In the United States chronic illnesses have become a way of life for multiple generations – they are the number one cause of death and disability (accounting for more than 70% of deaths), 60% of American adults have at least one chronic disease, and 40% have multiple chronic conditions. Although multiple factors contribute to the growth in chronic disease prevalence, a major factor has been overreliance on health care systems for promoting health and preventing disease. Large health care systems are ill equipped for this role since they are designed to detect, treat, and manage disease, not to promote health or address the underlying causes of disease. Improving health outcomes in the U.S. will require implementing broad-based prevention strategies combining biological, behavioral, and societal variables that move beyond clinical care. According to community medicine, clinical care alone cannot create, support, or maintain health. Rather, health can only ensue from combining clinical care with epidemiology and community organization, because health is a social outcome resulting from a combination of clinical science, collective responsibility, and informed social action. During the past 20 years, our team has developed an operational community medicine approach known as community health science. Our model provides a simple framework for integrating clinical care, population health, and community organization, using community-based participatory research (CBPR) practices for developing place-based initiatives. In the present paper, we present a brief overview of the model and describe its evolution, applications, and outcomes in two major urban environments. The paper demonstrates means for integrating the social determinants of health into collaborative place-based approaches, for aligning community assets and reducing health disparities. We conclude by discussing how asset-based community development can promote social connectivity and improve health, and discuss how our approach reflects the emerging national consensus on the importance of place-based population system change.
Academic journal publication is the currency of University faculty. It can go without saying that publications play an important role in securing an academic appointment and research grants, achieving promotion within the University, and more importantly, advancing knowledge, which is to me the primary purpose of any academic pursuit. Despite its importance, academics seem to receive little or no formal training in how to prepare a manuscript for publication or how to respond to reviewer criticism1. Quite often, such skills are acquired through mentorship during graduate training. Unfortunately, it is often the case that graduate students do not produce enough manuscripts during their training to develop expertise in how to translate completed research or scholarship into a published report. As an editor, I often see manuscripts that are diminished by how they are written, which often causes confusion in the reviewer, resulting in a recommendation for rejection. I do not profess to be an expert on writing for an academic audience. I have no idea exactly how I learned to get my work published (I assume it was through practice and good mentorship), nor do I have any idea if I am skilled at it – I am left to assume my level of expertise from my successes and failures. However, from reading several manuscripts each day, I have picked up on some common errors and have developed an appreciation for what editors and reviewers expect in a published manuscript. In what follows, I present a bit of what I have learned in my, albeit it short, time as an editor.2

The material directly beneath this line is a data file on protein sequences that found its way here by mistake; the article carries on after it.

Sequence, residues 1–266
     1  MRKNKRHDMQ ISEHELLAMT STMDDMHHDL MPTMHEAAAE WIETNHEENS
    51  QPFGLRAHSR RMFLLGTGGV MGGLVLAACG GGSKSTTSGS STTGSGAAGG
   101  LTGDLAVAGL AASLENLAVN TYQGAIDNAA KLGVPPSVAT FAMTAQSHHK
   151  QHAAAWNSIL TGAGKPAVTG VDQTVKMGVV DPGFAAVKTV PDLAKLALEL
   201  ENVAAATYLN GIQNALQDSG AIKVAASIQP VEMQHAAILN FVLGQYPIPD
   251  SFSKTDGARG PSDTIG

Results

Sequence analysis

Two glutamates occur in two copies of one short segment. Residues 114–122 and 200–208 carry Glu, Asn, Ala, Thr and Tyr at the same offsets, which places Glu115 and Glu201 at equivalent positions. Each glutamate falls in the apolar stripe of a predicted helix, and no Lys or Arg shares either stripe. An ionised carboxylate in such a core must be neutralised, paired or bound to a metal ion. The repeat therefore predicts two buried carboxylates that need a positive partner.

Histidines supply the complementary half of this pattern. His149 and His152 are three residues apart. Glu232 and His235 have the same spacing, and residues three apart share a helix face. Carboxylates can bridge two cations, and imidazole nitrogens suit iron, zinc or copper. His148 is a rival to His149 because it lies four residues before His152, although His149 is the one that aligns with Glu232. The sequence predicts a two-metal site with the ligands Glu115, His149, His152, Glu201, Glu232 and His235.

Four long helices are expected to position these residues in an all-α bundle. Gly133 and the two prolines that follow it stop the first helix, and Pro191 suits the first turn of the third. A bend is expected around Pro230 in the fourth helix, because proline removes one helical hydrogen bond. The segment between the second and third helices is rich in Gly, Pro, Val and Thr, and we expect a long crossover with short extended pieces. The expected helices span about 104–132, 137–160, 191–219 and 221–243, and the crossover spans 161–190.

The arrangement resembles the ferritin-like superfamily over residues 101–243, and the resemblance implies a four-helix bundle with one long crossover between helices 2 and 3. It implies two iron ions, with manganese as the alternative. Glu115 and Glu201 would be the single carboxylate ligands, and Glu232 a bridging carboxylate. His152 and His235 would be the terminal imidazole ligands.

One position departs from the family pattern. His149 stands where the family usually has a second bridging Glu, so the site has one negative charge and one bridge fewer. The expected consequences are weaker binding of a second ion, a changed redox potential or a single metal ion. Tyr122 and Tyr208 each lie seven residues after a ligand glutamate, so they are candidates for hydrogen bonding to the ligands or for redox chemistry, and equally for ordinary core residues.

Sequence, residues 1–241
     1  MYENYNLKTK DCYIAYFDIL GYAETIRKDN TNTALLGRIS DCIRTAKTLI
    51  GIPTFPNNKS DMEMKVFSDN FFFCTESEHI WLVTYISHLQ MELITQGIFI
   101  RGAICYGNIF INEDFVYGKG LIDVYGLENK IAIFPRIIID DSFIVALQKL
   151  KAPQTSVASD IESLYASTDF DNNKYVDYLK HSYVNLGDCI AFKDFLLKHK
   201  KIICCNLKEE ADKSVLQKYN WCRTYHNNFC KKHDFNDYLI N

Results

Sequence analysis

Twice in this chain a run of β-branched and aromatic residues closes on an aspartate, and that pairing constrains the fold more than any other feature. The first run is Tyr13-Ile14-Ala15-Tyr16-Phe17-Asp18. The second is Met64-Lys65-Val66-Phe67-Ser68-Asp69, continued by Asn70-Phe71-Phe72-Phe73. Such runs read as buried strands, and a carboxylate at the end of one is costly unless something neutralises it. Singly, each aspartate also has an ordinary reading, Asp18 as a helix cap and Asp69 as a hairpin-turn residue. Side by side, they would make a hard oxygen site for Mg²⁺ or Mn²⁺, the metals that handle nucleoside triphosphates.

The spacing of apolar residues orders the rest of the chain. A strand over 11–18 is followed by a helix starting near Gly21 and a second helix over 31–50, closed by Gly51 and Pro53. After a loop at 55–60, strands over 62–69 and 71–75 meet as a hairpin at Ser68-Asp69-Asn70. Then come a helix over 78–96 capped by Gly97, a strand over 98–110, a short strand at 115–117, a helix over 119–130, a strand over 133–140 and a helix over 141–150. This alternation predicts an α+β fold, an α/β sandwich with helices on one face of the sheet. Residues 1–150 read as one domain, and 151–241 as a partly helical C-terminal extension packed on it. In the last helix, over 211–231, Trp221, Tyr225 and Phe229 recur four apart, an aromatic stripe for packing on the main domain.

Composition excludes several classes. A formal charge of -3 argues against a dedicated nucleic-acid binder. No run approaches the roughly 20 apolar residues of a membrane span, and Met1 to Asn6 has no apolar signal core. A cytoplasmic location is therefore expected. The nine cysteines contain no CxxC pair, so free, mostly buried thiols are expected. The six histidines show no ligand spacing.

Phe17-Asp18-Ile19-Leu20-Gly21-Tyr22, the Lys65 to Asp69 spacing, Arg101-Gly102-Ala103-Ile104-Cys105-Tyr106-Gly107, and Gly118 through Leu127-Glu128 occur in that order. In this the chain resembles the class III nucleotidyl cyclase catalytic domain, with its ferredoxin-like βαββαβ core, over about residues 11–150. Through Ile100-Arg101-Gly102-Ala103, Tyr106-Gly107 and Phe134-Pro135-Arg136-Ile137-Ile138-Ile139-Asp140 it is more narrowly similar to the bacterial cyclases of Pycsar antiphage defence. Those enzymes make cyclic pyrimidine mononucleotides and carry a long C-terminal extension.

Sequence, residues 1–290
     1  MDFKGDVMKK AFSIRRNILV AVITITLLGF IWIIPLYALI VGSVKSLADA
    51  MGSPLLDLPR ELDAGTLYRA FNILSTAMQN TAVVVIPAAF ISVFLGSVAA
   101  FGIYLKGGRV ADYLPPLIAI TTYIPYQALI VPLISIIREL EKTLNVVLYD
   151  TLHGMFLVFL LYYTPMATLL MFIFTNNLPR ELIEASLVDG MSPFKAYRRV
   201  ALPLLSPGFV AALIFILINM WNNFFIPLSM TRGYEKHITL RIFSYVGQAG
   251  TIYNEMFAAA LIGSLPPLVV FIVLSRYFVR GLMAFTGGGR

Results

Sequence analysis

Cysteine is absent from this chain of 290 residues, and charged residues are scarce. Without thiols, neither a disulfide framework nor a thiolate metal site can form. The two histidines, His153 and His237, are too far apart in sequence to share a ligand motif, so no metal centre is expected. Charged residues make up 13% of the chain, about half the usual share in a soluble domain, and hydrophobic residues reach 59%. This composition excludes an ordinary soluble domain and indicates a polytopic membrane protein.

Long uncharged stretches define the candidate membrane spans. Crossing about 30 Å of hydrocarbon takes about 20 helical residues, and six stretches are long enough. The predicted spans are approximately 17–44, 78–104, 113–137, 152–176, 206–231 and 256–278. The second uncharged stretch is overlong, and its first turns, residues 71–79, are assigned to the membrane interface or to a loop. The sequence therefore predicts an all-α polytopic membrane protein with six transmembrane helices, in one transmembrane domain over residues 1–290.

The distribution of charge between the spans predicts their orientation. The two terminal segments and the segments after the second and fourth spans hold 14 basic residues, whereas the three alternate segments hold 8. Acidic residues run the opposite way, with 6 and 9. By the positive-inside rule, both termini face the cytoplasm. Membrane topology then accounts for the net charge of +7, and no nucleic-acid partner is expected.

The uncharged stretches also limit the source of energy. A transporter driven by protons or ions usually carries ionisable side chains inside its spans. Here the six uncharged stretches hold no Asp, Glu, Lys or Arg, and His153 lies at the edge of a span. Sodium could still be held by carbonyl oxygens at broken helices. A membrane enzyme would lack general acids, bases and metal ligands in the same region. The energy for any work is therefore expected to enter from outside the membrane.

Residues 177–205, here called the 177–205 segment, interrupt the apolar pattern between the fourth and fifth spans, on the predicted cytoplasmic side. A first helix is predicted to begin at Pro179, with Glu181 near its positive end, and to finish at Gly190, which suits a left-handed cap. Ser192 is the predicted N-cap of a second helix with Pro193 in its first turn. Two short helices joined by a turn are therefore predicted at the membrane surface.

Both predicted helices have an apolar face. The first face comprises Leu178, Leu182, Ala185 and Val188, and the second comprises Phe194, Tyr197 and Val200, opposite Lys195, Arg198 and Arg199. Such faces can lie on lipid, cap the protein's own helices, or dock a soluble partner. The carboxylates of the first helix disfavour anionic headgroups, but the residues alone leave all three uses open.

Rationale, aims and objectives The main purpose of this paper is to measure the efficiency and ranking of medical diagnostic laboratories by applying a Network Data Envelopment Analysis. Methods In this study, each medical diagnostic laboratory is considered as a decision making unit (DMU) and a network data envelopment analysis (NDEA) model is utilized to calculate the efficiency of each medical diagnostic laboratory. Therefore, we design a series four-stage system composed of three main laboratory processes (the pre-test process, the test process and the post-test process). We also consider sustainability criteria in order to cover social, economic, and environmental problems of health care organizations. Results The results show that three of the 22 considered laboratories are efficient. Therefore, the network DEA approach can lead to performance scores and ultimately real ranking. Also, the average efficiency scores show that the decrease of the reception unit’s efficiency results in a decrease of the efficiency of each laboratory. Therefore, the laboratories can increase the number of patients. Along with the intermediate values of the reception unit and the sampling unit, the efficiency of the reception unit increases, which results in an increase for the overall efficiency of each laboratory. Conclusion The proposed model can appropriately help the administrators and managers to identify inefficient units in their laboratory and ultimately improve the laboratory performance.
Rationale, aims and objectives Creating networked business models is one of the innovative approaches that have the ability and potential for meeting market needs. The purpose of this study is to provide a decision making model for a fair profit sharing among the members of a diagnostic laboratory network while providing a distinctive value for the patients. Methods To identify the members of the network of laboratories, a suitable approach to calculate members’ efficiency scores is proposed. Then, the network members are classified into three groups based on their performance scores. The three groups help administrators identify eligible members, members who need to improve their performance in order to meet the minimum requirements, and members who do not qualify for admission to the network. Since the performance of the members should play a significant role in the fair profit sharing mechanism, the fair allocation of profits among network members is done by the use of Shapely’s value based on the efficiency scores of members. Results The results show that for such a fair mechanism, the efficiency and sample size (the number of samples (blood, urine) taken from the patients by the laboratories), as the two effective factors, have a decisive role in the share of profit of laboratory units of the network. In the Laboratory Services Network, members receive a number of samples according to their performance. As a result, the sample size received has a direct impact on the net income of each member. Conclusion In conclusion, it is evident that the use of Shapely value may help managers in the process of sharing profits among network members in a fair way, thereby improving network performance. In this way, incentive strategies may be created for the members of the network and long-term survival of the network may be achieved.